A District of Columbia man dismissed his case against the company Tuesday, reporting that the sides had reached a "mutual agreement."
- Commodities Agency Wants Greater Power to Protect Whistleblowers
- In Cleveland, Lawyers See Steady Growth Ahead
- Midwest Report: A Regional Analysis
- Online Retailers Ask Justices to Strike State-Tax Reporting Law
- Journalists Drop Suit for Ex-Judge's 'Inappropriate' Emails
- 9th Circuit Shuts Down FTC Data-Throttling Suit Against AT&T
Thomas Tamm, a former U.S. Department of Justice lawyer who faced disciplinary action for leaking information to the press about domestic surveillance under President George W. Bush, was censured on Thursday by the D.C. Court of Appeals.
Hillary Clinton still faces scrutiny over her email practices as secretary of state, but a federal court ruling on Friday cleared the Democratic presidential nominee from facing an in-person deposition by a government watchdog group’s lawyers. Although she will have to submit to answering questions in writing.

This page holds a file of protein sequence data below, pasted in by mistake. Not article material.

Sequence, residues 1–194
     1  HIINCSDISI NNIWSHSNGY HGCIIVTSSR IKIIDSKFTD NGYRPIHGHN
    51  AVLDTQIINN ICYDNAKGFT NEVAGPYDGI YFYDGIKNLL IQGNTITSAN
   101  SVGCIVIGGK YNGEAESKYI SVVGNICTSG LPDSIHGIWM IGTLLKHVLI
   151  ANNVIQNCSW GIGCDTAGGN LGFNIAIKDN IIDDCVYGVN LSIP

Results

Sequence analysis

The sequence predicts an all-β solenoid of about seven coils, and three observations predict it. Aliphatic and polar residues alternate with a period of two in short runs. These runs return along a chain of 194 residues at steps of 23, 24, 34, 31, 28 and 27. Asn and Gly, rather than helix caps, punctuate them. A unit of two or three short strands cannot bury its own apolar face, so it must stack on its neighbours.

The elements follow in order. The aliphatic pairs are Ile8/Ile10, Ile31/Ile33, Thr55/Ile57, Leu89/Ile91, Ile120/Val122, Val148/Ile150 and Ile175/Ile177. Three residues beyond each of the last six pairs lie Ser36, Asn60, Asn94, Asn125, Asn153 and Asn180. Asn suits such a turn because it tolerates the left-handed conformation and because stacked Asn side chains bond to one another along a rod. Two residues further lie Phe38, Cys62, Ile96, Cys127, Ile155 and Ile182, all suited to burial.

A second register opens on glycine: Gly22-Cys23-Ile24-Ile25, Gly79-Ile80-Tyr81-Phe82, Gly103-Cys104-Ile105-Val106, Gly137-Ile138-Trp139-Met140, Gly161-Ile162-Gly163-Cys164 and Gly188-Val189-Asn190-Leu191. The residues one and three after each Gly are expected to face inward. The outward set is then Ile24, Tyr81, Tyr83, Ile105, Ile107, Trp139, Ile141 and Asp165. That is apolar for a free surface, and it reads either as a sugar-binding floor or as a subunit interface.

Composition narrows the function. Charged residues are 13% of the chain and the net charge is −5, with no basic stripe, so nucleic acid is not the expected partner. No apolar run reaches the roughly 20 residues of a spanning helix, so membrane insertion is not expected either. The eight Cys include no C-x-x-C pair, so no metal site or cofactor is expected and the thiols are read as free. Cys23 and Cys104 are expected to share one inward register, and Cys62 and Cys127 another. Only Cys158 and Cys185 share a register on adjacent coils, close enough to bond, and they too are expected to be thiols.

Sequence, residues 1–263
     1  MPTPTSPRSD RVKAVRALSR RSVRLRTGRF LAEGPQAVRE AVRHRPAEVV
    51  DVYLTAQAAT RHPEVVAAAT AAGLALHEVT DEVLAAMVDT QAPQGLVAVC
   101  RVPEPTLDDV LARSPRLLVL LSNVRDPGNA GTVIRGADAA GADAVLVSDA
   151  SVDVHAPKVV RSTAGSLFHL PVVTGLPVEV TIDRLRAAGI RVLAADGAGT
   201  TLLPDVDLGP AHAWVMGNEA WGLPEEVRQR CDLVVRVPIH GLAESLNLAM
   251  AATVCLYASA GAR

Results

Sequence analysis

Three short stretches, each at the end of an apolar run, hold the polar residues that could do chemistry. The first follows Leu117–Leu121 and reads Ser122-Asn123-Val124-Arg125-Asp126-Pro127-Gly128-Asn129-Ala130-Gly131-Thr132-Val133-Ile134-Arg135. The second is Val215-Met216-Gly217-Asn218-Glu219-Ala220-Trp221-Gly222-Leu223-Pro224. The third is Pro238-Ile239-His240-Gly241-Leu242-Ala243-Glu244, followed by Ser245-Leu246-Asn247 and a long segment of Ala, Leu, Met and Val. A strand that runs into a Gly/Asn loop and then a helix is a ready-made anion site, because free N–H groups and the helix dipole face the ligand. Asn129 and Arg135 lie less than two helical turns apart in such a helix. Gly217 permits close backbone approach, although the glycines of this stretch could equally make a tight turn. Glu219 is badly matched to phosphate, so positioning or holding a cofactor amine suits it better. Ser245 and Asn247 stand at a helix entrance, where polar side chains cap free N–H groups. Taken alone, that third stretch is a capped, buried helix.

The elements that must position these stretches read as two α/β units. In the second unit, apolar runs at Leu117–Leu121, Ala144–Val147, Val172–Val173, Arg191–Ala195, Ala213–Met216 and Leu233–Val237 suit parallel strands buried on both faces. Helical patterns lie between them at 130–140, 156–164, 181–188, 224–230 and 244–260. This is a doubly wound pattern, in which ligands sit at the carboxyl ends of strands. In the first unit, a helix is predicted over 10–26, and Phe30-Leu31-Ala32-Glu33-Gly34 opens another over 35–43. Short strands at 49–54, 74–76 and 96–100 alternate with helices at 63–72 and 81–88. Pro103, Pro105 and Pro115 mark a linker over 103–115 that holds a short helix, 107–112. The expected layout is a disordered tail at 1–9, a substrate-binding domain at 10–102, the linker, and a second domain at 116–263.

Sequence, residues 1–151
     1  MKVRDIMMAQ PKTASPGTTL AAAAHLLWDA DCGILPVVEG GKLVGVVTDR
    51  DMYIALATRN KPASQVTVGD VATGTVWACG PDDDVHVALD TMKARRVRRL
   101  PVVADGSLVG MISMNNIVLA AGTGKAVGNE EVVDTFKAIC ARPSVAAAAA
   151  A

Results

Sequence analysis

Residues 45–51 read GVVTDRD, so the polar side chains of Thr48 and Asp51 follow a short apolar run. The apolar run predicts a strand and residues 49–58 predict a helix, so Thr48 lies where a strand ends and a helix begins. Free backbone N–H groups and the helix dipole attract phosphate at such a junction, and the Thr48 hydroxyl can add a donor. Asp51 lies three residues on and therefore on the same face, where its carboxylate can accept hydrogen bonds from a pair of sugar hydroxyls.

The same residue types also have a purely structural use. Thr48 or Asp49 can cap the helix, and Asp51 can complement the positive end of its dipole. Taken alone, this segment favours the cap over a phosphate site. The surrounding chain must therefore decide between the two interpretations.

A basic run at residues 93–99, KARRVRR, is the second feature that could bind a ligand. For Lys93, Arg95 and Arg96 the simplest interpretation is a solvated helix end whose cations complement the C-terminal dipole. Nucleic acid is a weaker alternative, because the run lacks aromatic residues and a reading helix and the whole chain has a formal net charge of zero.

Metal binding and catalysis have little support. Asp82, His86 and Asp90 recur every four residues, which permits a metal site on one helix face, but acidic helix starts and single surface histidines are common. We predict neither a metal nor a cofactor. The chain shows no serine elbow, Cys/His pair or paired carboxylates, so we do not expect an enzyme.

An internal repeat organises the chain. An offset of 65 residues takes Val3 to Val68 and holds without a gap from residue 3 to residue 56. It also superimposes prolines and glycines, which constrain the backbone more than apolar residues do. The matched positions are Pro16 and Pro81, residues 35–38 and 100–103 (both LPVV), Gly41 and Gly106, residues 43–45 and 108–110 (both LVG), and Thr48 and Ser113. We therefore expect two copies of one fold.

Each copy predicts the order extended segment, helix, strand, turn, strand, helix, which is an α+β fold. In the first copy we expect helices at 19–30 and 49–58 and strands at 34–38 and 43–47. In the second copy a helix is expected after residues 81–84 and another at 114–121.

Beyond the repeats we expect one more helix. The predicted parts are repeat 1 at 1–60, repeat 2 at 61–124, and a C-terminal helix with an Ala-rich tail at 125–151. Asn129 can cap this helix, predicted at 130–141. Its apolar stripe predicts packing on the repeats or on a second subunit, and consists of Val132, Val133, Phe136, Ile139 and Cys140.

The Commodity Futures Trading Commission wants the power to punish companies for retaliating against whistleblowers, a move that would align the agency's stance with the stronger position taken by the U.S. Securities and Exchange Commission. On Tuesday, citing the inconsistency between the agencies, the CFTC proposed discarding its earlier position to instead take a tougher approach toward retaliation.
A national data and marketing association is asking the U.S. Supreme Court to strike down a Colorado law that imposes notice-and-reporting requirements on out-of-state retailers that do not collect sales taxes from customers in the taxing state.